During the many activities, it soon became apparent that knot knowledge and Jan were a happy combination. Educationally powerful, he would teach anybody interested in sailor ropework (schiemanswerk), new things. Techniques, even those not in the literature, he could easily explain. The things not in the books, he could explain also because he had probably been innovating them by himself. Innovatively unstoppable, Jan considered a computer a knotting tool on equal footing with the classical marlin spike, as the latter had been for centuries. That may require some explanation. You must know that knotting ideas usually begin with a single simple knot. Their elaboration into crazy, complex textile innovations requires high-tech, however. This once caused Jan to share a sphere-covering project, which he had called Für Elise, with his correspondents. Despite the project title’s connotations with that elegant musical masterpiece, this knotter found he had to sacrifice the remainder of his grey hair to implement Jan’s challenge in a single piece of cord.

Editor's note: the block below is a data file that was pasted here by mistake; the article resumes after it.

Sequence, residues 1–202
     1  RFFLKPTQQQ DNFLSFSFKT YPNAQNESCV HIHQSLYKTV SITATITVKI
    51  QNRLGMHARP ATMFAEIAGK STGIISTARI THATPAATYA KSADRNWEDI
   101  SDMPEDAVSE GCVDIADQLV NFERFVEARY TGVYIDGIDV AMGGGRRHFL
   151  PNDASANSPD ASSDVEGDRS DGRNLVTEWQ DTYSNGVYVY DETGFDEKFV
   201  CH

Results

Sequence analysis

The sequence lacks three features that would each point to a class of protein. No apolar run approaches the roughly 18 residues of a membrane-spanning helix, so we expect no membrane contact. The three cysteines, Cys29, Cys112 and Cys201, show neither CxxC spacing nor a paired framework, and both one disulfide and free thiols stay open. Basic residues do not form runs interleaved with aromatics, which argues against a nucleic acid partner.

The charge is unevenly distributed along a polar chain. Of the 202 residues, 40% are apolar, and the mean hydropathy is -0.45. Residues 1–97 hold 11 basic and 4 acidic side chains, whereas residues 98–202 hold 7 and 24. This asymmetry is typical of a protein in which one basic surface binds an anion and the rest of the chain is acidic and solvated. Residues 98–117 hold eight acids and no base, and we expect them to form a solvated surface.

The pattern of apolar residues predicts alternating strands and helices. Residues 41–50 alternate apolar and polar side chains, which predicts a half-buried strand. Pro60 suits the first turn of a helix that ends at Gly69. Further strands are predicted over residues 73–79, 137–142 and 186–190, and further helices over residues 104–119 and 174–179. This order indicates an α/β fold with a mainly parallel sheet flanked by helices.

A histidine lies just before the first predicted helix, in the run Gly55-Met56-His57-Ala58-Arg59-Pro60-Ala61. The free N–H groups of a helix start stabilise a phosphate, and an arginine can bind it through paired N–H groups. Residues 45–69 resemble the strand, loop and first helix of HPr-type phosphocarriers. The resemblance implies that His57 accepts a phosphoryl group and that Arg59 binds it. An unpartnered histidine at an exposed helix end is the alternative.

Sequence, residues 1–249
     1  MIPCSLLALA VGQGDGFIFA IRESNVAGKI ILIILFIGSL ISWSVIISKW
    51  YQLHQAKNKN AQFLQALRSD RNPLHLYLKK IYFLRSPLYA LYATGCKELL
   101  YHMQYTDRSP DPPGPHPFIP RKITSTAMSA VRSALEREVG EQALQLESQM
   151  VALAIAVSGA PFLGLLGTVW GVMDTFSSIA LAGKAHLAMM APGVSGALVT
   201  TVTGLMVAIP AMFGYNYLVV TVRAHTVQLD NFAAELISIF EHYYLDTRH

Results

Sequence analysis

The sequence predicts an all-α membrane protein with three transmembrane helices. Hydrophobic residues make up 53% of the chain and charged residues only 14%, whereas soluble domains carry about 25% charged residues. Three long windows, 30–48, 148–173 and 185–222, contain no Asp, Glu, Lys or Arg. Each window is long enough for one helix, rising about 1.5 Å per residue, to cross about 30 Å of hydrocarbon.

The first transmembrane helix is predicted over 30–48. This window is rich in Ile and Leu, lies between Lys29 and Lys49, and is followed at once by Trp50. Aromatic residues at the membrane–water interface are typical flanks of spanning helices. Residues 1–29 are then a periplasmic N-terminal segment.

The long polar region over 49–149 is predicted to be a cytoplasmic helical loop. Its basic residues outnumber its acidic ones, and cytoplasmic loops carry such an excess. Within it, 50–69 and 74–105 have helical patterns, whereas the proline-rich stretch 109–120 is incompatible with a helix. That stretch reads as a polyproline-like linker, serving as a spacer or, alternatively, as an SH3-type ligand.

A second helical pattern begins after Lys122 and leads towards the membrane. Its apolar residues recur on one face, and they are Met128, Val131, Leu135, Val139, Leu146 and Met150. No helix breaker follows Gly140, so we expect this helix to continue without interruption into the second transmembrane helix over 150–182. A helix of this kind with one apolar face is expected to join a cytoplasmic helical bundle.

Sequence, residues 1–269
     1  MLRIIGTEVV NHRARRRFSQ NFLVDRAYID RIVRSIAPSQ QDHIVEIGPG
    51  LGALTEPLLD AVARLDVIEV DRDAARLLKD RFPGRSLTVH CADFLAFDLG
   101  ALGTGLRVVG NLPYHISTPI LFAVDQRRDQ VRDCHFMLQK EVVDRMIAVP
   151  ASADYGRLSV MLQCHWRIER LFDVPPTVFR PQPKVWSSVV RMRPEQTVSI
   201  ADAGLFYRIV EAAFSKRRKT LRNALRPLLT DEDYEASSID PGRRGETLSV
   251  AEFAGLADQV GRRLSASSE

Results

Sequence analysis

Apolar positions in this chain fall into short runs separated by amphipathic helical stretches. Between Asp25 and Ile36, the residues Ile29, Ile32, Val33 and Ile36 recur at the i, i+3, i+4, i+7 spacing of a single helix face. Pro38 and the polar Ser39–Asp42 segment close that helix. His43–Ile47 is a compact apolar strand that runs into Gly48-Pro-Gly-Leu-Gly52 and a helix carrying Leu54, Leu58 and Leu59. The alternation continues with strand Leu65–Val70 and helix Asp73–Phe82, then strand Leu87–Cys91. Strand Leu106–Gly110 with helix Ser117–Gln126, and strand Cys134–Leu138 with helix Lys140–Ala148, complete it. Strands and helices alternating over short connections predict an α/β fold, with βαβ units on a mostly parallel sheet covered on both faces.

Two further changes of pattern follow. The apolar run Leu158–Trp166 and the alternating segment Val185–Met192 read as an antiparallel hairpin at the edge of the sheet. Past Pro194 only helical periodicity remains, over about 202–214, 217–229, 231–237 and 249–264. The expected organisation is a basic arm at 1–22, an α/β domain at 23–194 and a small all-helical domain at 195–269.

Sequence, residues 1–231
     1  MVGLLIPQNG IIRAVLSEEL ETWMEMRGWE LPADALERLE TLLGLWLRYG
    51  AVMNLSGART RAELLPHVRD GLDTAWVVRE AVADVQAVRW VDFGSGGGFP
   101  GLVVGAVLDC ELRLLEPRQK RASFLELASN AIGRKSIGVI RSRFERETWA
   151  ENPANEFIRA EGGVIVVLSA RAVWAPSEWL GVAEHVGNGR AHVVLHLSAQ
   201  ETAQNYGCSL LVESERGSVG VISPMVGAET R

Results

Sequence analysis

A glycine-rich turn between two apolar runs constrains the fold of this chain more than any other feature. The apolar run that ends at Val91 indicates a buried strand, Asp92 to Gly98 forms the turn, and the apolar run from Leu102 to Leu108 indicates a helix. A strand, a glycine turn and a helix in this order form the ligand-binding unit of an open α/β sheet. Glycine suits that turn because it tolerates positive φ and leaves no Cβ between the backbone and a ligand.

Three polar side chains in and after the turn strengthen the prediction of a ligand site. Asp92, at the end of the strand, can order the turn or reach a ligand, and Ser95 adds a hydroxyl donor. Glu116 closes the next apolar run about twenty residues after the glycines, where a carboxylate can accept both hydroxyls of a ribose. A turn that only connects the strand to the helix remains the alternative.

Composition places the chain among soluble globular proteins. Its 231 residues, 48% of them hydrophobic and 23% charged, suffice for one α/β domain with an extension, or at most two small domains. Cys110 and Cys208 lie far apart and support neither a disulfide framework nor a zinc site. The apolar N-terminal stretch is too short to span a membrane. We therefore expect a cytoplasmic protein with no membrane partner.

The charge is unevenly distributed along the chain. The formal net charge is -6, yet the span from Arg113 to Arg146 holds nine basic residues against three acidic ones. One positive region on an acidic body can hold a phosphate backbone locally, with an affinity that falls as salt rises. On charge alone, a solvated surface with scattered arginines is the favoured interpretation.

So far, I have sketched the world-wide knotters playing field. Now I stand here on behalf of all those knotters. And, on their behalf, I want to extend their condolences to Elise, Michel, Jessica, and other remaining family members. The loss of Jan Vos, the man, the human in the knot world, does not weigh up against the immense sorrow and pain you feel. I would like to let you know that your grief is seen, felt and shared.
This narrative started by calling out some knot names. Let us end with a knot – the True Love Knot, a representative for poetry and romanticism. There is a maritime folkloristic remnant that speaks of how illiterate mariners in a long-forgotten past wondered whether their beloved still felt any affection for them. They would tie a True Love Knot (#1414) in thin silk thread. They would leave it in its opened state. Then send it off to their beloved and eagerly await their response, to be collected in their next port of call. If the knot had been returned in its closed state, both Overhand Knots, drawn snug together, they would know that their love was strong. If the knot was unaltered, or not returned, a different interpretation would be in order.